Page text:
In London, the FTSE 100 index last week also surged to its highest level since December 1999, reaching an initial peak of 6,873 points on Tuesday powered by house-builder gains amid the UK housing boom. On Thursday, the FTSE 100 hit a new 14-year high of 6,895 points, although investors’ nerves about valuations pushed the index down by 0.6% at the end of the session. The FTSE 100 ended the week up 0.6% at 6,856 points. This week, markets will look to see if US pharmaceutical giant Pfizer will drop its takeover attempt on AstraZeneca, after the UK drugs giant declined its offer of £55 per share. AstraZeneca said the new £69 billion offer undervalued the company, which is a view shared by fund manager Neil Woodford. Last week the founder of Woodford Investment Management said that Pfizer’s offer was “very distant” from the right price.
The crisis in Ukraine, the threat of a Chinese default and the sluggish global recovery have had a knock-on effect on appetites for risk, with investors holding more cash and reduced equity holdings despite Wall Street and Europe’s indices on or near record highs. The Bank of America Merrill Lynch (BoA) monthly survey of fund managers has found that the average cash levels have reached 5% of portfolios – the highest level since June 2012 and up from 4.8% in April. And 22% of those surveyed are taking below normal levels of risk, up from 11% in April; while the proportion overweight in equities has fallen 8% over the month to 37%.
Caution is mixed, however, with measured optimism. Two-thirds of those surveyed at the start of May expect the global economy to strengthen over the coming 12 months, up from 62% in April (although nearly three-quarters predict below-trend growth); while just under half believe that corporate profits will rise over the next year (although a fifth said the growth would be less than 10%). European equities continue to attract interest; while valuation fears have resulted in caution over US equities. “Investors have belief in the economy but with two big questions: Are we on the brink of a disruptive event? And why, at this point in the cycle, isn’t this recovery stronger?” asks BoA chief investment strategist Michael Hartnett.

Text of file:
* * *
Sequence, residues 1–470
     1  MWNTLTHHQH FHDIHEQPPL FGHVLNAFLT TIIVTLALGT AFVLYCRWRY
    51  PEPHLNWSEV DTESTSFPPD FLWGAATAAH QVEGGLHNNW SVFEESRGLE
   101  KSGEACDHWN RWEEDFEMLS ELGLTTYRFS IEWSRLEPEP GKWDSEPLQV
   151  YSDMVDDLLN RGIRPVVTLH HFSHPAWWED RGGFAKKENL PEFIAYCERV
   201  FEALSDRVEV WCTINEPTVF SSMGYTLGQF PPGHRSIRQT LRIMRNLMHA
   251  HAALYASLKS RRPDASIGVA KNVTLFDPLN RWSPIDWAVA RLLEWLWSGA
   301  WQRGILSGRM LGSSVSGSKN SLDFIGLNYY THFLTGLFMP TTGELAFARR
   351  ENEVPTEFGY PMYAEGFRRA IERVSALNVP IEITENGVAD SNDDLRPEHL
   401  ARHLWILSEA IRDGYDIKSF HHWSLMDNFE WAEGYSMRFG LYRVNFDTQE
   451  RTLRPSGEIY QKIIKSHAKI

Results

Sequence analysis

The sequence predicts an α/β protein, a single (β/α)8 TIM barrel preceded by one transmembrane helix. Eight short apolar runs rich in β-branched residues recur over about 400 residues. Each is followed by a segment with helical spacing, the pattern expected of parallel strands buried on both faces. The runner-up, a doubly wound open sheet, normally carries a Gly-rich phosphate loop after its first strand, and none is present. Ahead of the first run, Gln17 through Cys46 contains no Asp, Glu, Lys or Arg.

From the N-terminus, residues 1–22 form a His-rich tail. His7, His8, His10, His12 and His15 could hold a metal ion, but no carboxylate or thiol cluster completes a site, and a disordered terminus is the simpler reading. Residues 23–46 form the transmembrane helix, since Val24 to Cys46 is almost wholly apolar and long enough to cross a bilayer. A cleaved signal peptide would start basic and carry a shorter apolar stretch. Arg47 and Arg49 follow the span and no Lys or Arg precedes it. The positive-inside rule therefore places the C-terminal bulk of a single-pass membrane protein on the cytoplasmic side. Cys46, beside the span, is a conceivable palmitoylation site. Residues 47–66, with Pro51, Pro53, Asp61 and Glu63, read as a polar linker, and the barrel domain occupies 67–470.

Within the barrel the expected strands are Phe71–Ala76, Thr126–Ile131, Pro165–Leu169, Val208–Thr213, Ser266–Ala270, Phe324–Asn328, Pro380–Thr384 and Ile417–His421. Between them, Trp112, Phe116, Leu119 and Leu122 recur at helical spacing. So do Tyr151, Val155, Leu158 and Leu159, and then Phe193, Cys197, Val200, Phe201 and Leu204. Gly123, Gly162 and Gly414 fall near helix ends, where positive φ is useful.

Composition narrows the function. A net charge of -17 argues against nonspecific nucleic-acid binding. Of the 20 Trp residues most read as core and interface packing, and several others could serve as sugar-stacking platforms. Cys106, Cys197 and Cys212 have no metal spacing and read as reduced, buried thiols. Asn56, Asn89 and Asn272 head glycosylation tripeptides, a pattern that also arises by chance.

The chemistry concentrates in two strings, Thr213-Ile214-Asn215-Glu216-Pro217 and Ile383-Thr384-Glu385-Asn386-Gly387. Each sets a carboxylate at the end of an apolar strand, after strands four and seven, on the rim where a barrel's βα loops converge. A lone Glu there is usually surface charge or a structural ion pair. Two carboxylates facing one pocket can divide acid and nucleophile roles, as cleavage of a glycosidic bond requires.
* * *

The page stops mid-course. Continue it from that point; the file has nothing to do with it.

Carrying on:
While Wall Street is skittish about stock valuations, the US economic recovery and when the Fed will start to raise interest rates; on the other side of the Atlantic, Carney’s clear message to UK markets and investors over the last week is that the UK’s economic recovery has broadened, inflation remains under control and the record-low base rate will stay in place. While the forecasts for growth for 2015 were raised from 2.7% to 2.9%, Carney emphasised that the economy has “only just begun to head back towards normal”.
Carney at the weekend also indicated that the Bank could look to rein in the housing market boom by placing limits on mortgages, including tougher affordability tests on borrowers, higher loan-to-income ratios and a cap on the ratio of a loan’s size to the property’s value; as well as advising the UK government on changes to the Help to Buy scheme. But the ultimate weapon of a rate rise is one of last resort. Carney’s steady but cautious approach to keep in hand a potentially capricious UK economy suggests that the base rate could remain on hold later than many in the market have guessed, and even into the second half of 2015. Britain’s straight-talking Albertan central banker has made it clear: he doesn’t want this horse to bolt.